Many Sunday School leaders are enlisted with little or no expectations. Job descriptions either do not exist or are not used. It is the warm-body syndrome. The nominating group has a position to fill and they seek the first person who comes to mind (popularity contest), often without prayer or consideration about whether the person would be a fit.
Teaching and working in the Sunday School is important work. God deserves our best efforts in making disciples. Our time on earth is limited and the importance of our task is too great to give less. Because of this, we should have high expectations for our leaders. I have written about high expectations in previous blog posts (check out High-Expectation Sunday School and High Expectations Are Necessary for Sunday School’s Mutiny Against Mediocrity).
Darrell Johnson has written an article entitled Biblical Requirements of Leaders: Four Must-Have Traits. I the article, Johnson says:
The chief biblical texts that develop the requirements of leaders are: 1 Timothy 3:1-13, 2 Timothy 2:1-13, Titus 1:5-9, Acts 6:1-6, and Exodus 18:21-22. The qualifications spelled out in these passages can be summarized in four words: commitment, conviction, competency, and character.
Wow! Those four words are packed with so much meaning. I would like to explore Johnson’s four leader qualifications as applied to Sunday School directors, teachers, and workers. The four words in all capitals are his, but the commentary is mine:
COMMITMENT. This is essential to discover prior to enlistment to serve. Do potential and currently serving Sunday School leaders have a strong commitment to our Lord? Is it a growing commitment and relationship? Is there evidence of a daily quiet time and of following the Lord’s leadership in all areas of life? Are they faithfully involved in the church and in the Lord’s service? Does the individual follow through on their promises (commitments)?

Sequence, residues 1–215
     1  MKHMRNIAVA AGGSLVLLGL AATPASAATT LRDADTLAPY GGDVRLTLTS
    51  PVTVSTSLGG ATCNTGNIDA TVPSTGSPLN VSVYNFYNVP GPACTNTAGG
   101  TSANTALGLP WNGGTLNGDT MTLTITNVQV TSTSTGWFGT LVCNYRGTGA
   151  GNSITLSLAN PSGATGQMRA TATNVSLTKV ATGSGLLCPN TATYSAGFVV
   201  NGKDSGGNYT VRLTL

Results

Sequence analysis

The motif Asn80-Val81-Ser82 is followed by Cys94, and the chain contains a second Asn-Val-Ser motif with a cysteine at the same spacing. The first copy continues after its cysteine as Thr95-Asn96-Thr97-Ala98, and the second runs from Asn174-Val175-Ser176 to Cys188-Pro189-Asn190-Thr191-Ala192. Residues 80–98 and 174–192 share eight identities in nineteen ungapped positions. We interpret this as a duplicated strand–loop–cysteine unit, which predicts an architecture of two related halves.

CONVICTION. Do potential and currently serving Sunday School leaders lead with passion? Do they act like they believe in our Lord and His mission? Does that thinking influence every aspect of their lives? As Johnson pointed out, this takes time: “Paul warns against being too quick to call recent converts to leadership; commitment and conviction take time to deepen.”
COMPETENCY. While competency may be difficult to measure directly for potential leaders, perspective should be sought from other areas of their lives. Do they correctly handles God’s Word (2 Timothy 2:15)? Are they trustworthy in relationships? Do they live out of their abilities and gifts? If they are a potential leader, do they have the skills necessary to do the job well? If they are a currently serving leader, are they serving to the best of their abilities? Are they in the place of service that best fits?
CHARACTER. Even with competency, if there is weakness in character then leadership becomes ineffective. While no one is perfect, every leader should be making progress in that direction. Is there evidence of striving in that direction? For potential leaders, it may be best to reflect on what some have said, “One of the best predictors of future performance is past behavior,” especially recent past. Are leaders more like Jesus this year than they were last year? Are they growing in the fruit of the Spirit: love, joy, peace, patience, kindness, goodness, faithfulness, gentleness, and self-control? How do they respond in times of anger, conflict, stress? Character is often most clearly seen in the times when life squeezes them.
As a Sunday School leader, how do you measure up? How could you raise expectations in these areas in your Sunday School leader enlistment process? What if you simply prepared a list of interview questions in these four areas of qualification? Then when you sit down with potential leaders, you can have a great conversation to begin to help each other to see whether the responsibility might be a fit or not. Pray. Expect. Evaluate. Be revolutionary!
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